Five months and three weeks after arriving in Cape Town (seven months since we left our home in the northeast Belgian Congo), my parents were seriously talking about returning home and I was filled with the fear that I would never get on board a ship.
Then there was a call from the agent at Cooks saying there was a ship going to South America that could accommodate all six of us. There had been possibilities in the past that two or even four of us might get passage, but my father had always insisted that the family had to stay together.
The first problem with this wonderful news was that the ship was in Durban, a thousand miles away and passengers were to be aboard within seventy-two hours.
The second problem was that it was now 2 PM and the one daily train to Durban had all ready left. The next one would be at ten the next morning, 20 hours from when my parents were talking with the Cook’s agent. The trip over the mountains from Cape Town to Durban would take forty-two hours. That was sixty-two hours of our seventy-two hours used up before we had even arrived in Durban, let alone onboard. The agent assured my parents that would be plenty of time.
I was not so sure. I didn’t want to miss the first steam ship voyage of my life. Although he wouldn’t tell us the name of the ship, or where it was docked, he promised that a Cooks’ agent would meet us at the train and take us to the ship.Waiting to make your first ocean passage is not easy especially when your father does not take getting there on time as seriously as you do.
During the six months in Cape Town my father had spoken in several churches, some of them rather large and my mother had spoken at all kinds of women’s meetings. Consequently when it came time to board the train there was a hundred or more people on the platform to say good-bye.
After getting us settled in our compartment, my father went back down to the platform to talk to the people. He was not making a speech or anything but was darting from one person to the next trying to make sure he shook hands and said something to everyone.
My mother sat on the end of the berth talking through the window to people who came by. My two younger brothers kneeled on the berth across from my mother leaning out the window, looking back and forth, waiting for the train to start moving. My sister sat next to my mother and occasionally leaned forward to reply to someone who had spoken directly to her. I sat in the middle of the berth from which my brothers were looking out the window, looking straight ahead, not interested in talking to anyone. All I wanted was for the trip to get started.
The conductor walked along the platform calling, “All aboard!”
Still my father kept talking to people.
I pushed my two brothers aside and hung out the window. I watched the conductor walk along the platform calling out his warning. At the last car he climbed onto the platform and leaned out waving his flag. He disappeared into the last car and there was a jolt that shook the car. Another yanking lurch and the train started to move.
“Dad! Dad! We’re leaving,” I shouted in desperation. Couldn’t he see the train was leaving?
He turned and smiled, waved to me and then went back to talking to the people around him.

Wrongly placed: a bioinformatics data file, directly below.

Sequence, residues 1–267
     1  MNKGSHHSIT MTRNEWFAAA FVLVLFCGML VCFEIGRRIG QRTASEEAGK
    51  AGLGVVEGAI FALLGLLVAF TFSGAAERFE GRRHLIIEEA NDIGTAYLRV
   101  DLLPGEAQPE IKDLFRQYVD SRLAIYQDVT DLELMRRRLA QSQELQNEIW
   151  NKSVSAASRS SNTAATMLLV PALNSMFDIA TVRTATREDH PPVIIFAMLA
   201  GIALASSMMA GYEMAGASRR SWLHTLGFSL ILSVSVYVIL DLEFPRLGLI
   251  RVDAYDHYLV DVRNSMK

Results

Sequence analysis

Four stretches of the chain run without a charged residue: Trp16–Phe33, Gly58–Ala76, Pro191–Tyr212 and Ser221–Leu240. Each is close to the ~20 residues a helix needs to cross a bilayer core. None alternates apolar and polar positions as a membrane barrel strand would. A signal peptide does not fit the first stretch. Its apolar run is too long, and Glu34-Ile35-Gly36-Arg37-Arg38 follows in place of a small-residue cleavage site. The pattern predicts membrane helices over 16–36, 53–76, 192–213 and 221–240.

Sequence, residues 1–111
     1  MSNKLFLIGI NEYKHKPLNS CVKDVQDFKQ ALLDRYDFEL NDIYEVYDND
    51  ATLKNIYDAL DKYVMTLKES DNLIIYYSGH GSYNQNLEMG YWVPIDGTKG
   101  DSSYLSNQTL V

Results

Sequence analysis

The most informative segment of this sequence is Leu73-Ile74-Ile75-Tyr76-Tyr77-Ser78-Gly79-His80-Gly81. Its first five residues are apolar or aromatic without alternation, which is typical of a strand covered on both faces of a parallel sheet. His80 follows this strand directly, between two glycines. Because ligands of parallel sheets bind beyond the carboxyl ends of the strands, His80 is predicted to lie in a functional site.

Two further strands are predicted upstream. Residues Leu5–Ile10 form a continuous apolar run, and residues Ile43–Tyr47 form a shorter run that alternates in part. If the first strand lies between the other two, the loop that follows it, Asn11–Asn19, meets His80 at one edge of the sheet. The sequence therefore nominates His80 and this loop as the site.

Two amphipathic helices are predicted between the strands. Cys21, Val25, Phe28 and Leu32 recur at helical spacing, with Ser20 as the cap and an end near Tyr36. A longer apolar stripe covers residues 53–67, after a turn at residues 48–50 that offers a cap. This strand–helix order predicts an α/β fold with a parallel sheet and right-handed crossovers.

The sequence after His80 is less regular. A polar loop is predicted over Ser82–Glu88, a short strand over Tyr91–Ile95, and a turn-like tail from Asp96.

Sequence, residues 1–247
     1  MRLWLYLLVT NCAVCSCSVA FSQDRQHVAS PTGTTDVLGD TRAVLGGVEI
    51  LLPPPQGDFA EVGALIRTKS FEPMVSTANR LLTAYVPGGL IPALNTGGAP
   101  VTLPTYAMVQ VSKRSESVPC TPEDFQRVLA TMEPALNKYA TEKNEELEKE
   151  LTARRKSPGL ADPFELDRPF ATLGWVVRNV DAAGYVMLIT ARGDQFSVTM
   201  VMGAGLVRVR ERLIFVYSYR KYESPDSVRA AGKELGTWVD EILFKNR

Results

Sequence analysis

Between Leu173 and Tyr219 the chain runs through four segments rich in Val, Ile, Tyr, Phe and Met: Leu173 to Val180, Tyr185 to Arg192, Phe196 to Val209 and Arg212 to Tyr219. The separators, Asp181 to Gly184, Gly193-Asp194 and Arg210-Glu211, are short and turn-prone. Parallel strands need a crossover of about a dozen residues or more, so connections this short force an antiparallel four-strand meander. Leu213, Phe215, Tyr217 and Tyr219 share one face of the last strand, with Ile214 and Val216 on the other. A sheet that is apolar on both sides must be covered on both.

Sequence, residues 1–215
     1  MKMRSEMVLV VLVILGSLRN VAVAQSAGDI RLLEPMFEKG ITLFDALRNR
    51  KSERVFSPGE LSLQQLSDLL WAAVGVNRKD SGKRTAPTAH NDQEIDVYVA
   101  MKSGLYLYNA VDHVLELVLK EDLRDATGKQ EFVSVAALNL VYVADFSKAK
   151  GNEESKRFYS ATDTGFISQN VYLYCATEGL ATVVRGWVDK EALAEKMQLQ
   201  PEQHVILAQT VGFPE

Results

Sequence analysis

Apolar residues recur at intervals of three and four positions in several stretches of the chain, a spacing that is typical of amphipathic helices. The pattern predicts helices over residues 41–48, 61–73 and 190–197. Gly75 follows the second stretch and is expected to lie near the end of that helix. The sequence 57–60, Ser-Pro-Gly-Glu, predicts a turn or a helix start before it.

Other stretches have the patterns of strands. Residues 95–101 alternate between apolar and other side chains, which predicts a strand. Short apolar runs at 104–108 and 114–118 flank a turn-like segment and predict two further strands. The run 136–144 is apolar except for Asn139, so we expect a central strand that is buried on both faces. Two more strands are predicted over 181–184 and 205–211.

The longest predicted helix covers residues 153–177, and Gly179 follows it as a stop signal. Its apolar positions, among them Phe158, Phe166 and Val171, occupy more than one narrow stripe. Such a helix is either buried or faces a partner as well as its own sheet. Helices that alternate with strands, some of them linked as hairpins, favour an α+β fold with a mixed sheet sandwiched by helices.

I bounded from the compartment, along the passageway to the car’s rear platform. I got there just as it got even with my dad. The train kept moving. I crossed to the forward platform of the next car and through the door. The passageway ran along the side of the car away from the platform and I ran past the compartments. Halfway through the car the passageway crossed over to the other side and through the windows I could see him on the platform ahead of me. The car caught up with him and I walked along the passageway keeping even with him on the platform. From the back platform I called again, “Dad, we’re leaving!”
I was desperate. He was the one that had saved me from falling to my death into the Lucilubi. He was the one that had shown me at least twenty different trails to the top of Table Mountain. He was the one who had told me how wonderful it was to be at sea, and now he was just standing there talking to all those people as thought going to sea didn’t matter. I wanted to get off the train and be with him if he should not get on in time, but I didn’t want to miss getting on the ship.
“It’s alright, Son,” he called back.
As far as I was concerned it wasn’t all right. Maybe a little bit right in that the train had not yet pulled out of the station without him on board, but it was not ALL right.
I ran through the cars, keeping even with him on the platform, until I got to the last car. Still he kept talking. The train was pulling away. He turned then as thought he had suddenly noticed what was happening and ran along the platform. He caught up with the train, grabbed hold of the handrail and jumped onto the bottom step. He climbed the three steps and put an arm around my shoulder while he waved with the other hand to the crowd standing on the disappearing station.
He stopped waving when the train went around a curve and we could no longer see the station. He stood there with his hand on my shoulder and the other one on the wooden capped railing of the rear platform and said, “Well, Son, I guess we really are on our way.” He shook his head a little as though he couldn’t really believe it was happening and I knew he wouldn’t have missed this train if President of the United States had been on the platform and wanted to ask him a question.
Ramblings of a Wanderer
Copyright © 2000 by Paul J. Stam
All rights reserved